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The 6 best destinations to visit in France this autumn

The fall is a great time to explore France with smaller crowds and lower temperatures making things more comfortable while glorious landscapes gain an extra touch of autumn colour.

The 6 best destinations to visit in France this autumn
The chateau of Gevrey-Chambertin and its nearby vineyard in Burgundy. Photo: ERIC FEFERBERG / AFP.

Following a summer dominated by health concerns and bad weather, many people are planning a more relaxed break in the autumn, away from the peak-season crowds.

These are some of the areas in France which are best experienced in the fall.


When most people think of autumn, they imagine red, orange and yellow leaves, so where better to spend the season than the only département named after this phenomenon (sort of)? The Côte here does not mean “coast” but “hill”, since the area is situated in Burgundy in eastern France, far from the sea. 

Many people believe the d’Or in the name means “golden”, and refers to the spectacular colour the vineyards turn in the autumn. This is just a legend, since local paper Le Bien Public reports that the second part of the name is actually short for Orient (east). But the fact the first explanation is considered plausible gives a good idea of what to expect, and after a long day spent walking or cycling through the countryside, you can curl up in the hotel with a bottle of local Pinot Noir.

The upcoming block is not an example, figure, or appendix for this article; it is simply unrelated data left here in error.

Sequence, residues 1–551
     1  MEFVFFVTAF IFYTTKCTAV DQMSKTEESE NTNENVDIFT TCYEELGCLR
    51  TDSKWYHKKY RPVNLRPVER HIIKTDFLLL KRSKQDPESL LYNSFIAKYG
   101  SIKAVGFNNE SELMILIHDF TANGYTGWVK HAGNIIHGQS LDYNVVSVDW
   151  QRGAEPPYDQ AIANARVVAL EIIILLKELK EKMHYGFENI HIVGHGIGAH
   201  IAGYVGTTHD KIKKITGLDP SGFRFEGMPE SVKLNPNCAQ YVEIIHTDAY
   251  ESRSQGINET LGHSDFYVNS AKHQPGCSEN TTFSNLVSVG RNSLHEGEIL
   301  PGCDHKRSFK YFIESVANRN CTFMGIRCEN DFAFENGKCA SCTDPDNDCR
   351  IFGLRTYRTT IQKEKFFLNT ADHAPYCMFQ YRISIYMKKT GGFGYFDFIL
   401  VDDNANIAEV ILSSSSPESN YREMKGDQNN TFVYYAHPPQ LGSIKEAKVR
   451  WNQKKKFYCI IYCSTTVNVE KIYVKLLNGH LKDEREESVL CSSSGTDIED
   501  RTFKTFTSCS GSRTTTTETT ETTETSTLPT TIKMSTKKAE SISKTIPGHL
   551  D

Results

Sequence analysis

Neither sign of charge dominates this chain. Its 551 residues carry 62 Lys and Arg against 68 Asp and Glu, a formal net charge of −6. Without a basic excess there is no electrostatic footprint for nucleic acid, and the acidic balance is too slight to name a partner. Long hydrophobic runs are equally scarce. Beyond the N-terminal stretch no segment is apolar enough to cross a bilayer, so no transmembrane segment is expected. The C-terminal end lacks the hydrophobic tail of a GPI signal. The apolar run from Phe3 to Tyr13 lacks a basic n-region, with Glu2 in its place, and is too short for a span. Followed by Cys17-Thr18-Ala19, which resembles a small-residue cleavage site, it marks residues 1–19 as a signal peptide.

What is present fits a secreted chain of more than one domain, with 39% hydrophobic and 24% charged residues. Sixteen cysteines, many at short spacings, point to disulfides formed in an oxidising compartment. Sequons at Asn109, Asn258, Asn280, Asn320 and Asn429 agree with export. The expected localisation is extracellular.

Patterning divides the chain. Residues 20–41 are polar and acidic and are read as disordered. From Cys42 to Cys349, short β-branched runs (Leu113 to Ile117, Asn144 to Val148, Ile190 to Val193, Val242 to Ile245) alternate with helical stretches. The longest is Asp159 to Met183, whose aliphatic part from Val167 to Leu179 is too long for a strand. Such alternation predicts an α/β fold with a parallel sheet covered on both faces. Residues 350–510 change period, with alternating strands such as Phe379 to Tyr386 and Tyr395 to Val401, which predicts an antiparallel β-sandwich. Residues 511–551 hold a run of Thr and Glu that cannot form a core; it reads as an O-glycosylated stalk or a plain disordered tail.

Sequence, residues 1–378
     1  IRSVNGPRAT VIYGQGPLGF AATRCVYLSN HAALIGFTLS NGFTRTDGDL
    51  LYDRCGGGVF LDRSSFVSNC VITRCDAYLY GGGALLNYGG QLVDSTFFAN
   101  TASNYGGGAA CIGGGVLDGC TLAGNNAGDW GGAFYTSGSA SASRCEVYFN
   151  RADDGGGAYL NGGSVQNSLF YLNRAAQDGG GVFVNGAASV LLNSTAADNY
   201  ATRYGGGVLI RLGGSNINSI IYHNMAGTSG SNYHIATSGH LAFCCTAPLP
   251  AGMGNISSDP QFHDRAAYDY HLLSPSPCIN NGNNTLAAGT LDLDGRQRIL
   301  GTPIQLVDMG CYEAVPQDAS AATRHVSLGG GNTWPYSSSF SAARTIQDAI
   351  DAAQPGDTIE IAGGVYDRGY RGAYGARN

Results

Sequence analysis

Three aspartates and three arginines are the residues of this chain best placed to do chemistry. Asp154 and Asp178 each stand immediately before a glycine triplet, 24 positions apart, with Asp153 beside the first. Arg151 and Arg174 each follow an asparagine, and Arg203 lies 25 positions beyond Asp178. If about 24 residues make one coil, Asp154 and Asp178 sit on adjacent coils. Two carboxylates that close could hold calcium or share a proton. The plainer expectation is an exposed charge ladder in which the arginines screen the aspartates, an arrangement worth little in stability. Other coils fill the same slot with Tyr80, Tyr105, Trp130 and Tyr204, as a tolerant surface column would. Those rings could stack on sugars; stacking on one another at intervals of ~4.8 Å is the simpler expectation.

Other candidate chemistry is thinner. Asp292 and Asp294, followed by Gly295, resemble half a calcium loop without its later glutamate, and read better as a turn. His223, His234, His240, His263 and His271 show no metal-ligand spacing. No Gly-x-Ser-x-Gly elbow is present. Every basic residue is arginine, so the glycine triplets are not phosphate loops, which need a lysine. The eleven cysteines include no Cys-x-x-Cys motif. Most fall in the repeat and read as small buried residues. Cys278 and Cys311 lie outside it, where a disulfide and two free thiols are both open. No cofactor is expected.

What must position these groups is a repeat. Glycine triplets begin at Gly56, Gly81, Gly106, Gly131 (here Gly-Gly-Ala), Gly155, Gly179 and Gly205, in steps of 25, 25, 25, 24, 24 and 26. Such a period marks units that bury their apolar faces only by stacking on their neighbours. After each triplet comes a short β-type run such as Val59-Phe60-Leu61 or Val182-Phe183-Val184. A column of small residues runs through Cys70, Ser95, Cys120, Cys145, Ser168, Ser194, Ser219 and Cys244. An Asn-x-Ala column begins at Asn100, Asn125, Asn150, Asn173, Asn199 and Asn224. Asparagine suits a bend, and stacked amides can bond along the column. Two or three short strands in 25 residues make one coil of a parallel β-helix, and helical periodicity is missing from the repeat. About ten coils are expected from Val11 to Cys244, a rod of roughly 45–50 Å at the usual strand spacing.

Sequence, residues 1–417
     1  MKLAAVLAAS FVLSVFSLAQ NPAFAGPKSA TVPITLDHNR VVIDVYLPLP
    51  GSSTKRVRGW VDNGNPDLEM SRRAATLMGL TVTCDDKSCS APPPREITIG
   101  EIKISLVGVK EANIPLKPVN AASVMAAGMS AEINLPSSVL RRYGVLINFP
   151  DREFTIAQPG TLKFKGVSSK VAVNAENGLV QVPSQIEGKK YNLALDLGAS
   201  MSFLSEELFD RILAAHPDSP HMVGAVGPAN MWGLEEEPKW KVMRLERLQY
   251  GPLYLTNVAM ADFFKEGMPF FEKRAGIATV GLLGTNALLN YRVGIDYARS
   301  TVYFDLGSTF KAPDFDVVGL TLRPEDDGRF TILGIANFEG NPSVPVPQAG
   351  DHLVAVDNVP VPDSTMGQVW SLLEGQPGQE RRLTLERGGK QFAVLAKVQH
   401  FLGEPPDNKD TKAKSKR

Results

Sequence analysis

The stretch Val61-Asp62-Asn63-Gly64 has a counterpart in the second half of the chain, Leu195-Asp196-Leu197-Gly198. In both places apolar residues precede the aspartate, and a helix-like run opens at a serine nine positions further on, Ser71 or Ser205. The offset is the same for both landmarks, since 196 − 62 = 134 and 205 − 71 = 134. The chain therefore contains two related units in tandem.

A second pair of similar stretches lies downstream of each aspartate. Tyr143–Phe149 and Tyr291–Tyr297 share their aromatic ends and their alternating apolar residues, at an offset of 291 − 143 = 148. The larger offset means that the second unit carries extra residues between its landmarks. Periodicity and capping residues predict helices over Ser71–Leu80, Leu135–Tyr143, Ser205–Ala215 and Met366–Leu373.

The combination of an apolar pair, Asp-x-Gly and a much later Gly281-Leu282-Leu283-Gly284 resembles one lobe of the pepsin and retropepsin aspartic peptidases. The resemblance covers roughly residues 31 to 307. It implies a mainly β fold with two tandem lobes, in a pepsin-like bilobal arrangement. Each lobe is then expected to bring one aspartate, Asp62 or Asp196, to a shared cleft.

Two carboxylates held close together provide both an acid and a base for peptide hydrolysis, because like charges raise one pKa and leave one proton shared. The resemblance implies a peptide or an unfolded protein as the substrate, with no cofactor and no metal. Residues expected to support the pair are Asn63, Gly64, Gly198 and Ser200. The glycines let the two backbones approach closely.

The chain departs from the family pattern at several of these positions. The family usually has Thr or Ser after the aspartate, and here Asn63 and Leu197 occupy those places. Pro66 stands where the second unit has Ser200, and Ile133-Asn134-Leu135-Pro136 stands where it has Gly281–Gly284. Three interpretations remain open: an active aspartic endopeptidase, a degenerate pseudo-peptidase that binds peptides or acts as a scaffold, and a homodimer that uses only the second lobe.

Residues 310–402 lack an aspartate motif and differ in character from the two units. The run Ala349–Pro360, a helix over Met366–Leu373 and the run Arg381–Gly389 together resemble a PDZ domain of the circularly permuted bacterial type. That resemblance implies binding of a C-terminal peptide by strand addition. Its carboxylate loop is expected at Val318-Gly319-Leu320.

Vineyards in Chambolle-Musigny, Côte d’Or, on October 12th, 2017. Photo: ERIC FEFERBERG / AFP.

Morvan regional park

Remaining in Burgundy, just to the west of the Côte-d’Or (although the two do overlap) is the Morvan regional park. This sparsely populated part of France shines in the autumn. Talk a stroll through the forest, breathing in the fresh air, with the only sound the crunching of orange leaves beneath your feet.

It’s the perfect location for taking a long walk, hunting for mushrooms, and relaxing in front of the fire once the sun goes down.

READ ALSO Morvan: Why you should visit one of France’s beautiful and least-known areas


Autumn is the ideal time to visit this fortified city in the Aude département in the south west of France. Not only will there be fewer tourists, so you can avoid the crowds in this popular destination, but temperatures in the south are usually pleasant right up until November.

Just as in Côte d’Or, you can also take a stroll through the local vineyards and see the changing leaves.

It’s a bit of a drive from Carcassonne, but the village of Castans holds an annual chestnut festival at the end of October, where you’ll also find other regional products, in case you want that real autumn feeling.